Thoughtful Catholic approach to conversations about end of life care

I had the opportunity today to read a very thoughtful article about a meeting of Catholic physicians who are helping their very ill patients to wrestle with hard decisions about whether to utilize palliative care in place of active treatment with mechanical life support. The organization is the Catholic Health Association of the United States (CHA) and the online newsletter article in the section on Physicians Articles is called  “Pathways to Convergence: EXAMINING DIVERSE PERSPECTIVES OF CATHOLICS ON ADVANCE CARE PLANNING, PALLIATIVE CARE, AND END-OF-LIFE CARE IN THE UNITED STATES,” subtitled ” Untangling the Gordian Knot of Language and Attitude about Palliative Care and Advance Care Planning: Pathways to Convergence,”

The article reports on the findings that stemmed from a 2015 initiative in which the Pew Charitable Trusts “gathered a group of six Catholic ethicists who worked in and with the Catholic health ministry from a variety of perspectives. All of them served as resources to help organizations in the ministry remain faithful to and compliant with Catholic teaching. Serving as a kind of steering committee, this initial group sketched out a framework for a project that would look at three main topics in Catholic health care” [including] …”:3. the specific issues and decisions made by patients and families and providers in the setting of living with serious illness and, ultimately, dying from it.”

The article goes on to report thatPathways to Convergence, a project supported by The Pew Charitable Trusts, enabled a broad array of clergy, clinicians, practitioners and ethicists to explore Catholic perspectives on these issues for more than a year. Participants engaged in a series of in-depth conversations on how Catholics accompany the sick and dying, how end-of-life medical decisions are made and what role the church has in promoting its message and vision in the public square. It was acknowledged at the outset that although Catholics share many strongly held views that converge, they also hold divergent views and practices that cause confusion and misunderstanding. The project was established with the hope that, through a respectful exploration of the convergence and divergence of views, participants could recognize a path forward that would enable Catholics to speak more clearly and distinctly about these issues to one another and to others as well. …”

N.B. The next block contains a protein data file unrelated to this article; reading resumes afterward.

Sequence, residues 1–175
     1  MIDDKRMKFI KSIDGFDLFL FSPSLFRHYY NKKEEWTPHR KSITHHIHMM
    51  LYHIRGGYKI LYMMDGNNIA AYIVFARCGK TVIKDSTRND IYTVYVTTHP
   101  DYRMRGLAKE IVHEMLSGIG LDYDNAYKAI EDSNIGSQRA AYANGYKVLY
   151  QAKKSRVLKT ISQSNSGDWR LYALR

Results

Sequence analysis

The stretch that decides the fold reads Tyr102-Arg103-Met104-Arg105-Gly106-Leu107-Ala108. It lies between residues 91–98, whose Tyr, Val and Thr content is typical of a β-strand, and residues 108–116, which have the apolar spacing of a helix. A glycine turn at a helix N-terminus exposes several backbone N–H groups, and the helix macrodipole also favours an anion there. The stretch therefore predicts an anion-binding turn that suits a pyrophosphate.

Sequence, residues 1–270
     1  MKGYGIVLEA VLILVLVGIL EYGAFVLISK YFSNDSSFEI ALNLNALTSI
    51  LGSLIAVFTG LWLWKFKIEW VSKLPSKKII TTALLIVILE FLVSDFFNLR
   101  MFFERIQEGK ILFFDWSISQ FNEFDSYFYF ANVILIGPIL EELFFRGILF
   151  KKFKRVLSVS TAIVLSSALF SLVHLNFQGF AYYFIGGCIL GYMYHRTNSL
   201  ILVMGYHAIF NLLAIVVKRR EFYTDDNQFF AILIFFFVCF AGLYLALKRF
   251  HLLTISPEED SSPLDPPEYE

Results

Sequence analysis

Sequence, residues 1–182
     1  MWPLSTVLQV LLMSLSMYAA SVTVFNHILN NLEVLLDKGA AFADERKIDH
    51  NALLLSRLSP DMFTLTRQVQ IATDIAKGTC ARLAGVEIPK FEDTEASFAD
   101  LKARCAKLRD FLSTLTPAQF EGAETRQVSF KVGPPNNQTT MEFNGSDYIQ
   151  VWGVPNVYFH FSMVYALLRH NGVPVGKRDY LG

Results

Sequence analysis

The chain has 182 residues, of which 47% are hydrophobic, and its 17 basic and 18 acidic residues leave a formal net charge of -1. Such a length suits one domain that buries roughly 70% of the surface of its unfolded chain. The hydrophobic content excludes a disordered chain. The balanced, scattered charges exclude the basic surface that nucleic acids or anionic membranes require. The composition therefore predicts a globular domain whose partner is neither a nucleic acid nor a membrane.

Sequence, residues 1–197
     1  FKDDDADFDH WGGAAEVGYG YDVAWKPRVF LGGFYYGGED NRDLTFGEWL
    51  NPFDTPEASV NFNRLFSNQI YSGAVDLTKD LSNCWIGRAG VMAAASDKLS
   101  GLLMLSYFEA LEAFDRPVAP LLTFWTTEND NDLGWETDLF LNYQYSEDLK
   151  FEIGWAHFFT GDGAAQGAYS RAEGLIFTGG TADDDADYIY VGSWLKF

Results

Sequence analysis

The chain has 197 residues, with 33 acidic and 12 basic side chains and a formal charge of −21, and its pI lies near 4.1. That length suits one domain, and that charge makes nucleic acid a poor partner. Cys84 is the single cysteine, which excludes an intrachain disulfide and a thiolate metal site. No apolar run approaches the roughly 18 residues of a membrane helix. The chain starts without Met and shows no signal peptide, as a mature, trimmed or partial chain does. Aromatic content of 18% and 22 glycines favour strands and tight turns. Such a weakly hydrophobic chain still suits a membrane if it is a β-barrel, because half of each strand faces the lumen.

Discussions between physician and patient, or patient and nurse practitioner, about care at end of life are challenging, sensitive, and fraught with the difficulty of accepting certain medical inevitabilities without giving up hope. One’s concept of what constitutes good life at end of life must be explored. Individuals can sign advance directives, and patients or their authorized proxies can confer with physicians about POLST – Physicians Orders for Life Sustaining Treatment — that become part of the medical record both in and out of the hospital. Above all, the issues need to be explored with the team that is important to the patient, which will often include clergy as well as health care personnel and trusted family members.


Call us for advice on personalized advance care senior planning … 732-382-6070

What to do when you think it’s time to refuse further treatment

If you are the Guardian of the Person or the designated Health Care Representative for a person who is extremely mentally incapacitated, there may come a time that you may face that most dreadful of decisions. You may wonder whether to treat all new medical crises. The person you are responsible for may have advanced Alzheimers or other dementia, may be incapable of expressing themselves, or may be functionally incapable of interacting in a knowing way or performing any physical act without assistance. This is a delicate matter. There are intertwining considerations of law, bioethics and even religion, and a heavy burden is placed on the health care decision-maker.

These decisions aren’t necessarily restricted to the ones involving life-preserving measures like installation of a gastric feeding tube, pacemaker, or respirator (ventilator), or decisions about whether to embark on kidney dialysis or performing major surgery such as a liver transplant or non-laporoscopic heart valve replacement. You may be faced with decisions about whether to hospitalize an incapacitated  patient for a new medical problem when the patient already has advanced and debilitating congestive heart failure or has become severely impaired by numerous complications of diabetes such as peripheral neuropathy, or extreme vision impairment. You may be wrestling with whether to subject the patient to chemotherapy or radiation treatment for newly-diagnosed cancer.